Cardiovascular disease is the chief cause of death among women. Nevertheless, in a recent survey of women, only 13% responded that their own greatest health threat was heart disease.
Cardiovascular disease is the chief cause of death among women. Nevertheless, in a recent survey of women, only 13% responded that their own greatest health threat was heart disease.1 Although the manifestations of heart disease develop later in women than in men, inadequate preventive measures, sex-based disparities in treatment, and the aging of the US population result in the deaths of more than 500,000 women from this disease every year.
The first evidence-based recommendations for cardiovascular disease prevention in women were published in 2004 (Table).2 Tool kits based on these guidelines were distributed to 80,000 physicians as part of the Go Red for Women campaign of the American Heart Association, which seeks to raise awareness of women's cardiovascular risks and the measures that can be implemented to reduce them.
Consistently encourage women not to smoke and to avoid environmental tobacco smoke.
Consistently encourage women to accumulate a minimum of 30 min of moderate-intensity physical activity (eg, brisk walking) on most, and preferably all, days of the week.
Advise women with a recent acute coronary syndrome or coronary intervention, or new-onset or chronic angina, to participate in a comprehensive risk-reduction regimen, such as cardiac rehabilitation or a physician-guided home- or community-based program.
Consistently encourage an overall healthful eating pattern that includes intake of a variety of fruits, vegetables, grains, low-fat or nonfat dairy products, fish, legumes, and sources of protein low in saturated fat (eg, poultry, lean meats, plant sources). Limit saturated fat intake to < 10% of calories, limit cholesterol intake to < 300 mg/d, and limit intake of trans fatty acids.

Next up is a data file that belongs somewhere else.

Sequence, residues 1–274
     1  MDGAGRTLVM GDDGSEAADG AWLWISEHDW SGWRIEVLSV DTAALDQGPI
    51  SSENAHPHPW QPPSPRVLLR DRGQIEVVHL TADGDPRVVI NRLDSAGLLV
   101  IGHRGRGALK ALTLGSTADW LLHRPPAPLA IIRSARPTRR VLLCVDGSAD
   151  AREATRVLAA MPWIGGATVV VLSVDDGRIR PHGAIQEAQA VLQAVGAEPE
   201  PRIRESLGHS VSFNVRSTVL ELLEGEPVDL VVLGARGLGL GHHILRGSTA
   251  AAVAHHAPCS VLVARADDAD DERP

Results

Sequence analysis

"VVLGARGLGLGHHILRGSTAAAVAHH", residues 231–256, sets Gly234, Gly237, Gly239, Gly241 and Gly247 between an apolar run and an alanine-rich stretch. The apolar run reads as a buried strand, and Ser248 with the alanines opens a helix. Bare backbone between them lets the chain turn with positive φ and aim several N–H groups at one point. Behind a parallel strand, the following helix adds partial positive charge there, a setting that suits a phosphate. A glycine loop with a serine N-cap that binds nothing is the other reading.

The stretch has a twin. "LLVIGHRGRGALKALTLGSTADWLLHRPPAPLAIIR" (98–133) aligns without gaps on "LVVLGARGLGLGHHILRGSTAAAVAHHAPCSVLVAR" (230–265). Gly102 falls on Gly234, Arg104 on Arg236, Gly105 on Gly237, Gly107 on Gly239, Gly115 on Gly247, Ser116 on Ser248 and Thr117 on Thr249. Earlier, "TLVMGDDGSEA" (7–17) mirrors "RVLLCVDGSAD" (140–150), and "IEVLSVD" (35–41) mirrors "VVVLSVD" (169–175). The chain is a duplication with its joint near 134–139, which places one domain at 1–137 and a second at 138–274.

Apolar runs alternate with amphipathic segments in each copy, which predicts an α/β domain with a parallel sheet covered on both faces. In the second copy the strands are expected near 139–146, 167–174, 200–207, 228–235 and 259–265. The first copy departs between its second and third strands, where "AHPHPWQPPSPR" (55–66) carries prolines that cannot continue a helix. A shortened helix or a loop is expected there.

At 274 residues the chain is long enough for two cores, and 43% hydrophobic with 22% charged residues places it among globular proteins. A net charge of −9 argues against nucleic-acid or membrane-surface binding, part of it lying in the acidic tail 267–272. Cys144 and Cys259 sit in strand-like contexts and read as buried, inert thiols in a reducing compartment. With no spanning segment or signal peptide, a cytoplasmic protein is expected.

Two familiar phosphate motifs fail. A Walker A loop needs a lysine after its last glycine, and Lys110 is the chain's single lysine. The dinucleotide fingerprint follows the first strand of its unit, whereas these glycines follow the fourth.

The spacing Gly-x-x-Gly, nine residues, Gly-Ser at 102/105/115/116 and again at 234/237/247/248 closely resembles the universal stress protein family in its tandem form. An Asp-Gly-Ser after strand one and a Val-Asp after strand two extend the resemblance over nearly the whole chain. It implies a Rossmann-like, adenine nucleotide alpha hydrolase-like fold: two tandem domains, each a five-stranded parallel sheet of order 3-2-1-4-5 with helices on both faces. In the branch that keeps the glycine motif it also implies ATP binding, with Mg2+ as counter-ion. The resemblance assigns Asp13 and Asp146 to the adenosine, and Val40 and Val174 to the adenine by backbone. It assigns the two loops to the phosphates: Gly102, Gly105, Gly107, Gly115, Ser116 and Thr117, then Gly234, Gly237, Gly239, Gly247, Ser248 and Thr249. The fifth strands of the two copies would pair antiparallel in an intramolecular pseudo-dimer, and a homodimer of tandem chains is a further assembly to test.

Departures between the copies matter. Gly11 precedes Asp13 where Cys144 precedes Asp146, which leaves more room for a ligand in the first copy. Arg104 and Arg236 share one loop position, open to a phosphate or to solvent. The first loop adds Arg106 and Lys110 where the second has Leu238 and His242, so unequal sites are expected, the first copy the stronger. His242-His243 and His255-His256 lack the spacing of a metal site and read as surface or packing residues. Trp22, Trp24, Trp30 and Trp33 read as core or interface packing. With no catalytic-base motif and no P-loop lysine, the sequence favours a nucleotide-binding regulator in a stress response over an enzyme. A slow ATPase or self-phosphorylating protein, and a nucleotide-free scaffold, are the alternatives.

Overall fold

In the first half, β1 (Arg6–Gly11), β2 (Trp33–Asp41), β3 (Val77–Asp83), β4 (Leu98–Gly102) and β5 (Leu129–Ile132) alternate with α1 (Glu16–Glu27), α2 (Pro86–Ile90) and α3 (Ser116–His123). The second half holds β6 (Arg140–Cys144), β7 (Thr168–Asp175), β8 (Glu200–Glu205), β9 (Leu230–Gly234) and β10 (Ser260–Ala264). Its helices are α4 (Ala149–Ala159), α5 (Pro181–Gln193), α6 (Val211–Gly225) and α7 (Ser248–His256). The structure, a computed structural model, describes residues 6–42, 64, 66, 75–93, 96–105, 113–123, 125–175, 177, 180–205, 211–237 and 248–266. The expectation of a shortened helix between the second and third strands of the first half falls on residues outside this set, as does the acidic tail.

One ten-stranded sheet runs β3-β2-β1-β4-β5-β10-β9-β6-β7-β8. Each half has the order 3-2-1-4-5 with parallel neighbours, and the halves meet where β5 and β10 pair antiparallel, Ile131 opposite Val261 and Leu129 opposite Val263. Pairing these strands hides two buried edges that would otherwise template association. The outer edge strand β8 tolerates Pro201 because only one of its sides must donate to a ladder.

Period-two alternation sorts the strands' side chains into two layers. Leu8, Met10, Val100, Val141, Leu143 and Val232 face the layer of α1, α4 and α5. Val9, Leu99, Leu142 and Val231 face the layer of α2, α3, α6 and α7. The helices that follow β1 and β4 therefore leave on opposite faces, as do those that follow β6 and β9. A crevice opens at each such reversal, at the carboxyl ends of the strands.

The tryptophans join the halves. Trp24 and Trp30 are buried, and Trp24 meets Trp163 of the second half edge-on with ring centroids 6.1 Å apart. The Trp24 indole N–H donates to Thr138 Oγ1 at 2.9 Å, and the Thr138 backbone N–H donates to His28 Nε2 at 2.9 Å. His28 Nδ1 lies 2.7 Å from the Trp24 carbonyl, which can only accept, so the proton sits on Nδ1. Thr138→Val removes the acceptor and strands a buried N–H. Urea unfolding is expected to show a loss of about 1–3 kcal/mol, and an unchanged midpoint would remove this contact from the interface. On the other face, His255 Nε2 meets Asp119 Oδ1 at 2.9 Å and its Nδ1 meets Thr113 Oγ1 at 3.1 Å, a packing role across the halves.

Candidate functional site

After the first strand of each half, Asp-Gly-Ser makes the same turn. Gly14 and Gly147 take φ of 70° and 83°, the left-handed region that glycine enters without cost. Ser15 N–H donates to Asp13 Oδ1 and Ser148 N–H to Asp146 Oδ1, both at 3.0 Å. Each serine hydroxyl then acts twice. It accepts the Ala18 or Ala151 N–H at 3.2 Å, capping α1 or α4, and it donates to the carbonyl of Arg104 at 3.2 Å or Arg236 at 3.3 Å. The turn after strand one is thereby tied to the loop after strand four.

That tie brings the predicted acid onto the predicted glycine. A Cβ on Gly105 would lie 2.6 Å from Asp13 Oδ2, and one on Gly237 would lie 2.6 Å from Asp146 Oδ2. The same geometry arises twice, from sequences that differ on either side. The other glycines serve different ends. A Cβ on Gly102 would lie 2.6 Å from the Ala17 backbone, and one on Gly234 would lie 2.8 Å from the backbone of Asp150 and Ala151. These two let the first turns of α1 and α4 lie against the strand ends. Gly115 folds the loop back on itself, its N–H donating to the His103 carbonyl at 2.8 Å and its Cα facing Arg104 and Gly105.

Consistently encourage weight maintenance/reduction through an appropriate balance of physical activity, caloric intake, and formal behavioral programs when indicated to maintain/achieve a BMI between 18.5 and 24.9 kg/m2 and a waist circumference< 35 in.
Evaluate women with CVD for depression andrefer/treat when indicated.
Omega-3 fatty acids
As an adjunct to diet, omega-3 fatty acid supplementsmay be considered in high-risk* women.
As an adjunct to diet, folic acid supplementation maybe considered in high-risk* women (except after arevascularization procedure) if a higher than normallevel of homocysteine has been detected.
Mosca L, Ferris A, Fabunmi R, Robertson RM; American Heart Association. Tracking women's awareness of heart disease: an American Heart Association national study.
Mosca L, Appel LJ, Benjamin EJ, et al. Evidence-based guidelines for cardiovascular disease prevention in women.